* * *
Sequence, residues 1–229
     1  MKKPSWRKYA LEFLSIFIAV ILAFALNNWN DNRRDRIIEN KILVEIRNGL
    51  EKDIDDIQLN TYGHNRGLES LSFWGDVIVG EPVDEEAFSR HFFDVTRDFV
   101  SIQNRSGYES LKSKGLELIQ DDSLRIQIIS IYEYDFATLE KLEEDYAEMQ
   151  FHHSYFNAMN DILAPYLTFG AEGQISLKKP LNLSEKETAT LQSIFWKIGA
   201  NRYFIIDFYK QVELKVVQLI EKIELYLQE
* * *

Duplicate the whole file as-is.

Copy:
Sequence, residues 1–229
     1  MKKPSWRKYA LEFLSIFIAV ILAFALNNWN DNRRDRIIEN KILVEIRNGL
    51  EKDIDDIQLN TYGHNRGLES LSFWGDVIVG EPVDEEAFSR HFFDVTRDFV
   101  SIQNRSGYES LKSKGLELIQ DDSLRIQIIS IYEYDFATLE KLEEDYAEMQ
   151  FHHSYFNAMN DILAPYLTFG AEGQISLKKP LNLSEKETAT LQSIFWKIGA
   201  NRYFIIDFYK QVELKVVQLI EKIELYLQE